Apparently the Tribeca Film Festival will feature a documentary on the disgraced anti-vaccine doctor Andrew Wakefield. Unfortunately, the film is probably not discussing the history and facts on the vaccines & autism controversy. Instead, it’s likely a positive portrayal of Wakefield and similar doctors. Wakefield’s original paper asserting that vaccines increase the risk of autism was retracted several years ago after it was found that there were various ethical and methodological errors (including outright fraud), yet much of the anti-vaccine movement still doesn’t seem to have realized it yet. His supporters seem to now just be crackpots ranting about how his groundbreaking research is just being suppressed by the establishment. (If you have ever seen physics crackpots, this kind of thinking is one of the telltale signs that they have no interest in actually learning anything and only want to pontificate about their pet “theories”). Even among people who stop talking about autism, there seems to be significant fear that the vaccines are overwhelming children’s immune systems ( 1) ludicrous & 2) there is actually less exposure with more modern vaccines than with fewer earlier vaccines), among other concerns
The film festival already responded saying that their film choices are supposed to foster “dialogue and discussion.” This makes sense when there is a valid controversy. There is no known link between vaccines and autism, so there is basically one side that is doing research and showing that there doesn’t seem to be any problem, and another one that just asserts that the data is wrong. Similarly to the evolution/creation controversy, there is no academic controversy here. Worse, even if the vaccine opponents are right, it is almost certain that giving vaccines still does far more good than harm.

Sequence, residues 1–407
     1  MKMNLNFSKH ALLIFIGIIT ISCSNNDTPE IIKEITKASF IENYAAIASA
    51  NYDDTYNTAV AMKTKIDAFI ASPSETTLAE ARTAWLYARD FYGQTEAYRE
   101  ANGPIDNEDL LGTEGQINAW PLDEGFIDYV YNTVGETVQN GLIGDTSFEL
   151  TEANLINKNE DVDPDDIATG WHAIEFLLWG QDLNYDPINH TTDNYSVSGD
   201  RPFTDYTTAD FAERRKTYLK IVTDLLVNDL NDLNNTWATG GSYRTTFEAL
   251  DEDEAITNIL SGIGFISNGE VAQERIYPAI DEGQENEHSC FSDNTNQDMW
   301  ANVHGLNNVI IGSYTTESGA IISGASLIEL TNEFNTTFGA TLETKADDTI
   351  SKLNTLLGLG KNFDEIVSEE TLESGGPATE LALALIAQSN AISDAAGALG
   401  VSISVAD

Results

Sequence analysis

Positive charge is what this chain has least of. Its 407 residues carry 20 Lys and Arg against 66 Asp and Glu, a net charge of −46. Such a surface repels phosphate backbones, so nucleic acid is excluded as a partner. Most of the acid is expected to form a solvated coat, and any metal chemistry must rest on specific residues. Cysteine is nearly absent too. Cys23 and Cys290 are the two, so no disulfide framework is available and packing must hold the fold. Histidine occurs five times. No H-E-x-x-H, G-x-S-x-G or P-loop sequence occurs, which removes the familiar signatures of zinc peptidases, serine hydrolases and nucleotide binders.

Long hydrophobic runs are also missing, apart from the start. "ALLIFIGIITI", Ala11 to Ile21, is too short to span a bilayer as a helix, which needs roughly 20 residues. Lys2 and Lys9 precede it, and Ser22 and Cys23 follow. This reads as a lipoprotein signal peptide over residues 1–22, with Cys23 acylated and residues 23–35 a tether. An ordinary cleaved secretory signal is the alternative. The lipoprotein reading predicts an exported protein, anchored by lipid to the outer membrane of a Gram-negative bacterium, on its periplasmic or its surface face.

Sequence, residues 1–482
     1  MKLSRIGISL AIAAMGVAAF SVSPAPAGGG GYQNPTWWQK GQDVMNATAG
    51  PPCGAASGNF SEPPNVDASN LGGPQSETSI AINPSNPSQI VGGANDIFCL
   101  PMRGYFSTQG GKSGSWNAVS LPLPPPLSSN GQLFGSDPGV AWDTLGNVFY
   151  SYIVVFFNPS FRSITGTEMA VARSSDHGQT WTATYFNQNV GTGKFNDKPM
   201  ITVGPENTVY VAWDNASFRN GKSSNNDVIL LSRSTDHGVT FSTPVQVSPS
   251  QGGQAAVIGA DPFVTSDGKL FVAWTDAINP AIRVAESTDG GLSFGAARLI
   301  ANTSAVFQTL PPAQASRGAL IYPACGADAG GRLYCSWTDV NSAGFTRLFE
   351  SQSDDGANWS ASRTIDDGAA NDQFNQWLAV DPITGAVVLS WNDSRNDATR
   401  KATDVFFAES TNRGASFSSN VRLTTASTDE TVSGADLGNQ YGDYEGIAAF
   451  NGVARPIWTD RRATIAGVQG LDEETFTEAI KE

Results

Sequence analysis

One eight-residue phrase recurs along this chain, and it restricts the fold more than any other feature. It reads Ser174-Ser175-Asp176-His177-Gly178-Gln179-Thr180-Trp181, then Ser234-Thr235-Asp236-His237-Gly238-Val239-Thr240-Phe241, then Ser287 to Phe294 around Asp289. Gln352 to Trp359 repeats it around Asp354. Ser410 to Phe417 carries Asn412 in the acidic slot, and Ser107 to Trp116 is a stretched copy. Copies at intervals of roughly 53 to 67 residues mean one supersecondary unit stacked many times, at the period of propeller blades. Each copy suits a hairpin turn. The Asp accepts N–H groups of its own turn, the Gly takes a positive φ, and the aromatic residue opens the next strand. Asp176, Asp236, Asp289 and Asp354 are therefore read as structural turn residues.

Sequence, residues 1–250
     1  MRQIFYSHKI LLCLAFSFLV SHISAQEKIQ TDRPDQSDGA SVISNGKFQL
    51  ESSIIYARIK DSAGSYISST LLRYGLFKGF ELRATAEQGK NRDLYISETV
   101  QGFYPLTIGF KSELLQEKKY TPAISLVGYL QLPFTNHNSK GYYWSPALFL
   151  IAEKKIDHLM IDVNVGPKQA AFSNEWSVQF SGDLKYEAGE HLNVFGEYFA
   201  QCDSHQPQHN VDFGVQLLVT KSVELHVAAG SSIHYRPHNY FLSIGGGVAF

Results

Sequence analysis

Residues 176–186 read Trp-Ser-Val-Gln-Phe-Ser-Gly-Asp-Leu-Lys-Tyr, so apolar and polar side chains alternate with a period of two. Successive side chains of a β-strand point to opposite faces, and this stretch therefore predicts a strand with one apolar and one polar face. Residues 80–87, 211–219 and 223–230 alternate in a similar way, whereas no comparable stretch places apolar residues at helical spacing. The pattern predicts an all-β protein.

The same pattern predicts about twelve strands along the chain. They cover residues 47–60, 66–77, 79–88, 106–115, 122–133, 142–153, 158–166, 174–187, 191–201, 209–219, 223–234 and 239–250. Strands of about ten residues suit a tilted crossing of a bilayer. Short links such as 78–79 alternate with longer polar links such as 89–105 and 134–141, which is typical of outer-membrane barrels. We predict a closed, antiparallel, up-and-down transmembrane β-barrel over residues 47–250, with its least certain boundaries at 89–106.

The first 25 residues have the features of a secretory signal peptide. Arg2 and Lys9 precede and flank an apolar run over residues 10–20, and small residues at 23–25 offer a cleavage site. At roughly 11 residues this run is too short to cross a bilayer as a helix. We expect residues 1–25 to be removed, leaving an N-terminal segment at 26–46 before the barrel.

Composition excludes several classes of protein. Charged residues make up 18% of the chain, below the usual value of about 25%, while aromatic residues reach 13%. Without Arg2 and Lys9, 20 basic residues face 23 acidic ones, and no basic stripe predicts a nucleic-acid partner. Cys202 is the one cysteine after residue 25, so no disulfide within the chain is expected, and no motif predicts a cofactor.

A number of prominent doctors have written a note calling for Dr. Oz to lose his position at Columbia-Presbyterian due to his constant peddling of pseudoscience to unsuspecting people. Supposedly, Dr. Oz is an amazing surgeon but many feel that his support of “alternative” treatments makes a lot of people think that he does more harm than good.
The Atlantic has a long article out this month about Alcoholics Anonymous. The main conclusion: Alcoholics Anonymous is, for the most part, quack medicine with little scientific backing that is supported for historical/cultural reasons even though better treatments for addiction potentially exist.